Eastern Europe/Central Asia Regional Summer School and On-Line Course on Global Health

Major political, economic and social developments at the end of the 20th century resulted in significant restructuring of political borders in parts of Europe and Asia. After dissolution of the Soviet Union, Yugoslavia and Czechoslovakia, more than 20 new sovereign states with a total population of over 300 million emerged across a vast territory stretching from the Balkans to the Caucasus and Central Asia. During the past 30 years, this cluster of countries, often referred to as "Eastern Europe/Central Asia" (EE/CA) has experienced unprecedented acceleration of globalization and all the positive and negative effects that go with it, including those that affected the population's health.

In addition to the effects of globalization, several transformations in these countries also have been affected by region-specific developments that further influenced the population's health. Development of regional trade agreements, scaled-up regional transportation networks, free movement of people and goods across countries within the region, forced migration due to regional military conflicts and humanitarian catastrophes, regional defense initiatives, common environmental and climate issues and other processes have created health-related risk-factors specific to this region, requiring regional cooperation and joint planning on courses of action.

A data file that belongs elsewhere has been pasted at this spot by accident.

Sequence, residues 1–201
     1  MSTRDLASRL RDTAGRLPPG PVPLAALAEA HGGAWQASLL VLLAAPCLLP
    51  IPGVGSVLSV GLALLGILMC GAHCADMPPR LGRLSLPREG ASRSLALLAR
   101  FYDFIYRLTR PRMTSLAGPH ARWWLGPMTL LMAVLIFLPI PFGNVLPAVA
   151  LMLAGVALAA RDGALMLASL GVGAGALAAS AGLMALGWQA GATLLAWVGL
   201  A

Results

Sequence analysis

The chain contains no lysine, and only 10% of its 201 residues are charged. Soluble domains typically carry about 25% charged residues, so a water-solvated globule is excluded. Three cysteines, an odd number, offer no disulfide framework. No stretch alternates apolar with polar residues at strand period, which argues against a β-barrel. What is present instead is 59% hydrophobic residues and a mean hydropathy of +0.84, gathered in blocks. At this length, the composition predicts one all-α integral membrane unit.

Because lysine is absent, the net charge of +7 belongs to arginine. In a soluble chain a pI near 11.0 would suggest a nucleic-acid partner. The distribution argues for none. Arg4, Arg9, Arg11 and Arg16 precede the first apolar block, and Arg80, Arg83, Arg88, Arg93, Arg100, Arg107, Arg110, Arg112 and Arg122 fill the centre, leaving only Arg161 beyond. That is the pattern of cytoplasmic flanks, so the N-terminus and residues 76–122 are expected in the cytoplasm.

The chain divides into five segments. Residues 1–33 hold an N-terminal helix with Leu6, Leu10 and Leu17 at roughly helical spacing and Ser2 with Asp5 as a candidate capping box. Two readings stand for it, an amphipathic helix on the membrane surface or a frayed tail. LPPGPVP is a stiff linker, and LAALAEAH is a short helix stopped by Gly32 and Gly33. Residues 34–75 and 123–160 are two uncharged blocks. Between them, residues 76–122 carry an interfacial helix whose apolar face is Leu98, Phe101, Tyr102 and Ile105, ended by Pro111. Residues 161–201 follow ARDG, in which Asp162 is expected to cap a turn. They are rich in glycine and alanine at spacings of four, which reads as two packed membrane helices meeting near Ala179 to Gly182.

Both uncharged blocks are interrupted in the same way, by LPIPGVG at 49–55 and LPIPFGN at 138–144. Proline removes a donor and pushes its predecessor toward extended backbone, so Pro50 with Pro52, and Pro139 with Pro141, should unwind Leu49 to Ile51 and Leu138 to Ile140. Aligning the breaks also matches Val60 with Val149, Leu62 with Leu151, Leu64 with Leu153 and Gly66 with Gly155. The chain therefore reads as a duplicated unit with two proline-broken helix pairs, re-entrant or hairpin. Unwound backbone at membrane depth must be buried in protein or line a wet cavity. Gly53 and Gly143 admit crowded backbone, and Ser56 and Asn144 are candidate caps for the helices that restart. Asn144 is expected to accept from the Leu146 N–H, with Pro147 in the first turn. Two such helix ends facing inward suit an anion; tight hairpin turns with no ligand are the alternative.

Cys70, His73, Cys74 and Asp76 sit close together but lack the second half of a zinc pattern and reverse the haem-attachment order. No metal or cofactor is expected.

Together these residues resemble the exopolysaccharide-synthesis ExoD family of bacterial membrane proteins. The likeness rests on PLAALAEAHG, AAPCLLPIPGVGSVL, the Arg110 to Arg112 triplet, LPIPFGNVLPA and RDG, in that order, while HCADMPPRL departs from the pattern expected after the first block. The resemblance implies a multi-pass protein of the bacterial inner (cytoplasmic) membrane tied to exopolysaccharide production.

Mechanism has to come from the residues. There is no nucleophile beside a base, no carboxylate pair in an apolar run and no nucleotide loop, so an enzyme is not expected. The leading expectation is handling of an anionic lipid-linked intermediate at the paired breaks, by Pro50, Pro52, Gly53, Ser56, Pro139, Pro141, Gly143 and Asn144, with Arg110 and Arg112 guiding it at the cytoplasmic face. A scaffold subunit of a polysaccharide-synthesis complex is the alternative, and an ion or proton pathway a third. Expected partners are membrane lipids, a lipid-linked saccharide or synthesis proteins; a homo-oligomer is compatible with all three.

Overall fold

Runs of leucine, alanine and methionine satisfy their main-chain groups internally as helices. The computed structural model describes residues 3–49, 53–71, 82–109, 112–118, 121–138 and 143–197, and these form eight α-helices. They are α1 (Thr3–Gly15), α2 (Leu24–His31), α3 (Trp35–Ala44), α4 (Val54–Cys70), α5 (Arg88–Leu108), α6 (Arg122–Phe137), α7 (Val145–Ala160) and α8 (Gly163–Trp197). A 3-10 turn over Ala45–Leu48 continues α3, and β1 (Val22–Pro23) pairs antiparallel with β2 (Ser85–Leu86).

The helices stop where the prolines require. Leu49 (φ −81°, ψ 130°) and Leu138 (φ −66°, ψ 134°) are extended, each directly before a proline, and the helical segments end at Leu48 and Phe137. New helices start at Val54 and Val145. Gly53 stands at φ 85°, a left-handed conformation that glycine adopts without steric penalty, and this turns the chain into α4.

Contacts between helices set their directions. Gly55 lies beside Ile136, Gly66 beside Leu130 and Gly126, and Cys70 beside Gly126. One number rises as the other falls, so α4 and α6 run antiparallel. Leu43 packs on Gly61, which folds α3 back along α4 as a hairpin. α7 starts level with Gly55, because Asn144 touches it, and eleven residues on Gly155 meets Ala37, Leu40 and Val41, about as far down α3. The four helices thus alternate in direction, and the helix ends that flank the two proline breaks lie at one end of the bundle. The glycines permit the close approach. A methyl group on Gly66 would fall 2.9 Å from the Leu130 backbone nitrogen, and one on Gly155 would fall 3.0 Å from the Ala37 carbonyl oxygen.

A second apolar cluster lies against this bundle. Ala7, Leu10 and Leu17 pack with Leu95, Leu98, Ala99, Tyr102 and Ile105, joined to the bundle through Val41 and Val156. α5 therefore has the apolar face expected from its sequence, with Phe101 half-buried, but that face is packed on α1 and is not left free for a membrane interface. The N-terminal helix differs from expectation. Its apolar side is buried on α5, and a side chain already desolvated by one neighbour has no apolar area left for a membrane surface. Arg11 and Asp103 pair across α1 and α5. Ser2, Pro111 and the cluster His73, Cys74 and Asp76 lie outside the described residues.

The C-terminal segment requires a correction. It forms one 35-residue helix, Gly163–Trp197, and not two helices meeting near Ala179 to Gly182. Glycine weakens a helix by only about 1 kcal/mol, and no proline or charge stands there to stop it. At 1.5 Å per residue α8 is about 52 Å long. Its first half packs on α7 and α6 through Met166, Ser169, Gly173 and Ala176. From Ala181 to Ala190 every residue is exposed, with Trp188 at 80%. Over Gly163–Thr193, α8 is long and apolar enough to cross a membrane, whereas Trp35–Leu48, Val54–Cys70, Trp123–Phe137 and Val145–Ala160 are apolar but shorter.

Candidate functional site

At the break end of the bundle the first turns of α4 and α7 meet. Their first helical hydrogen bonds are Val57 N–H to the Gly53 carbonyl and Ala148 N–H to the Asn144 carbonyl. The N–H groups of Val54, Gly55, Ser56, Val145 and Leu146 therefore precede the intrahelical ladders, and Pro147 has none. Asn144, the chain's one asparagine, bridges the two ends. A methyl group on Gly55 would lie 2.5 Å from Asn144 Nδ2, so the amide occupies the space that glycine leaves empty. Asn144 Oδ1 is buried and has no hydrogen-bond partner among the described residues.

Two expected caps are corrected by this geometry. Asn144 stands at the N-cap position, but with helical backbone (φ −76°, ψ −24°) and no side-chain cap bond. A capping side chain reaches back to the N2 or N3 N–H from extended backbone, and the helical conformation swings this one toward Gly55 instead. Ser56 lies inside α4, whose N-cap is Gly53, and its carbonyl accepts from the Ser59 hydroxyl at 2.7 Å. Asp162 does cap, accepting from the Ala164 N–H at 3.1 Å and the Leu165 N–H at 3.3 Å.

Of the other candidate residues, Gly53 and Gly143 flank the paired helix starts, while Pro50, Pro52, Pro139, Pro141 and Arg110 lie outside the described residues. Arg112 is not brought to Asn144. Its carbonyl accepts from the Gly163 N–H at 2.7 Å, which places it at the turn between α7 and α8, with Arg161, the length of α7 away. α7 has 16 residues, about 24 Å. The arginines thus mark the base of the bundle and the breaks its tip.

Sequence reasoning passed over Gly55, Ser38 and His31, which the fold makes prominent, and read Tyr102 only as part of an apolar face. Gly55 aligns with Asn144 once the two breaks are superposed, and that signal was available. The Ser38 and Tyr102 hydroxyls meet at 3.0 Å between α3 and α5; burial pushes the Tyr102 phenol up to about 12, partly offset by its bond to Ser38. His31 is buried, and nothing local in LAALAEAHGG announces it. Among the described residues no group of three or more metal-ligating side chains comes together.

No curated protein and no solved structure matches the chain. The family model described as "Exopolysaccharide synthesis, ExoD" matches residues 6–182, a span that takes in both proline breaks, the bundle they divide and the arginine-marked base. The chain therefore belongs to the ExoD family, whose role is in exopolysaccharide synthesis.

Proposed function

In this context, the importance of global health, as a newly emerging and rapidly growing area of practice that creates a framework for conceptual, technical and operational understanding of how countries and key health stakeholders can best preserve human health in the globalized world - can not be overstated in this region.

Effective international cooperation on health requires all countries to possess a robust knowledge of current and emerging health issues and a solid understanding of health cooperation mechanisms and regulations. Addressing the growing need for building professional capacity in these areas within all countries, the academic community has responded with a rapid scale-up of training programs on global health. Most of these programs have been established at universities in the developed regions of North America and Western Europe, as well as in Japan and Australia. More recently, the trend of establishing such programs also has been noticeable in low-income countries of Africa and Asia - often through development assistance provided by high-income countries. However, the middle-income countries of Eastern Europe/Central Asia, haven't been investing in themselves, nor have they been receiving external support to develop professional training programs in global health. Subsequently, in this region of over 20 countries and 300 million population, there is currently not a single university that offers a professional degree in global health.

The Eastern Europe/Central Asia Regional Summer School and on-line course on global health are attempts to partly fill this void. The Summer School, taught by internationally renowned faculty, will be offered annually. It will attract regional participants from the government, private and academic sectors. The on-line course will be offered for free to all participants for self-study. The Institute of Global Health has been working with leading universities in Europe and North America to prepare the curriculum and is exploring opportunities for joint delivery and certification of these training events. Please monitor our web-site for further updates and announcements.

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